There is a not-to-be-missed TED talk by Simon Sinek, based on his book, Why. His premise is that "people don't buy what you do, they buy why you do it." He talks about the difference between Dell and Apple—Dell makes computers to make computers; Apple makes computers that are easy to use, built well, secure, and are beautiful to look at. It helps to explain Apple's growing market share against the tide of all the others on the decline. It also explains why Apple fosters such fierce loyalty that all the other makers must envy. It's much easier to develop a market strategy around an exciting and well-respected brand like Apple. In fact, they have to do very little at all to get people to camp out for 3 days to just to buy a phone or tablet.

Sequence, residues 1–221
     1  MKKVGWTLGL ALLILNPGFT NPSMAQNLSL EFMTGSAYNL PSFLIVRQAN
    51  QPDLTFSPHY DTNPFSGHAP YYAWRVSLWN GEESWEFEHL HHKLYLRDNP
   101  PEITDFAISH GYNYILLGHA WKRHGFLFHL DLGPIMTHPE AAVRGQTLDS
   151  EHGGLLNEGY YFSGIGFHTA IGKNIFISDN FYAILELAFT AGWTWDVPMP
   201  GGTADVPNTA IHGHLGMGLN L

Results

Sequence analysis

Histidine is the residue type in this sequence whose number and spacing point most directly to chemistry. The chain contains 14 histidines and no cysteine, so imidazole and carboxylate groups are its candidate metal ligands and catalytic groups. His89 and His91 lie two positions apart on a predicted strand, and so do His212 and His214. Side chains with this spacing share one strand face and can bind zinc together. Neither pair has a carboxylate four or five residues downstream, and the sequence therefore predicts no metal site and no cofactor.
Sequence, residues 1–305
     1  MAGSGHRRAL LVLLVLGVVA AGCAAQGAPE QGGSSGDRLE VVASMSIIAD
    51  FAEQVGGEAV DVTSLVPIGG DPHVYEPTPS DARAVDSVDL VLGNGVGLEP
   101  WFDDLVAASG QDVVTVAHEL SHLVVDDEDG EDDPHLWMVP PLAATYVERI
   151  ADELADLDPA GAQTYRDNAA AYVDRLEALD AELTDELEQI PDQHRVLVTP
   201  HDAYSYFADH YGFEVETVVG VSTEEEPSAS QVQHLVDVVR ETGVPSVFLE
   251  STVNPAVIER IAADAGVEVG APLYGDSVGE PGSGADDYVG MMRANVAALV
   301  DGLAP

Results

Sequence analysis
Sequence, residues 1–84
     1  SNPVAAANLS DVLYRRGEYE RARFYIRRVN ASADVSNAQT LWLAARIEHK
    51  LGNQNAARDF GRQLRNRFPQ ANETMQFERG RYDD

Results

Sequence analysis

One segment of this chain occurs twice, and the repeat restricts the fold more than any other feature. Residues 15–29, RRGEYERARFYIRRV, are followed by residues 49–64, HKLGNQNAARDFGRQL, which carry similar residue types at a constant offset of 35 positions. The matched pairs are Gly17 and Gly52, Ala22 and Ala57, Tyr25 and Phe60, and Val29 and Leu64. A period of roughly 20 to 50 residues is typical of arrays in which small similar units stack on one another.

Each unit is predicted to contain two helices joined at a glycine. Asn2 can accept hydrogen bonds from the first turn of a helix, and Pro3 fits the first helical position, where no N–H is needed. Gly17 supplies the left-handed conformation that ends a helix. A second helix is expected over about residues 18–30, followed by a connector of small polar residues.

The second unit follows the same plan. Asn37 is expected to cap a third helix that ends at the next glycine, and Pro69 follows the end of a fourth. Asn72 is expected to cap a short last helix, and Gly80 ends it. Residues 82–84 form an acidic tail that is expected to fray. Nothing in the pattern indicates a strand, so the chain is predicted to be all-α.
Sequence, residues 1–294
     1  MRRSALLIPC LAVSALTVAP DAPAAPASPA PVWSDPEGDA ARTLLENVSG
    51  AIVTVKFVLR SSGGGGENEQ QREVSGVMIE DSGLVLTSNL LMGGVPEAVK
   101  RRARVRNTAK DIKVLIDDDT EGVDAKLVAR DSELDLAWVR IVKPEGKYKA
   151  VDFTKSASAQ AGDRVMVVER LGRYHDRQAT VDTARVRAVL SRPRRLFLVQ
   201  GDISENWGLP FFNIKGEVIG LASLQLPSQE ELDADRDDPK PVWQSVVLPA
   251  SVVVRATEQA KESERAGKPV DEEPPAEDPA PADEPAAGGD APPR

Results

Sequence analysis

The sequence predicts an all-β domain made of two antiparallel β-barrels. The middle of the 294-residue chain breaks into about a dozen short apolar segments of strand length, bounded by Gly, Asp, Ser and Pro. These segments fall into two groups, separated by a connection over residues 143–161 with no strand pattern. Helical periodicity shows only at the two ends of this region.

Builds credibility.

Reputation and trust (Mercedes)

I’ll never own a Mercedes—for a variety of reasons. But I can dream. One of the early philosophies of Mercedes Benz was to build a car that a young couple would buy and hang onto for 20 years. At that rate, they'd be getting a pretty good deal, amortizing the high sticker cost over many years. However, it seems those who can afford one in the first place turn them over more often than that. But I digress. The point is (and not to pick on any one brand) that if you park a Mercedes next to a Chevy and ask an observer which has the better reputation, I predict the odds would be overwhelmingly stacked on the side of the former. And more practically, when we order plane tickets or think about going out to dinner, reputation plays large in our choice. Had a bad experience with that airline? Some people will never fly that airline again. That family diner has a reputation as a greasy spoon; the other has bright lights and a clean floor? You know which you would pick.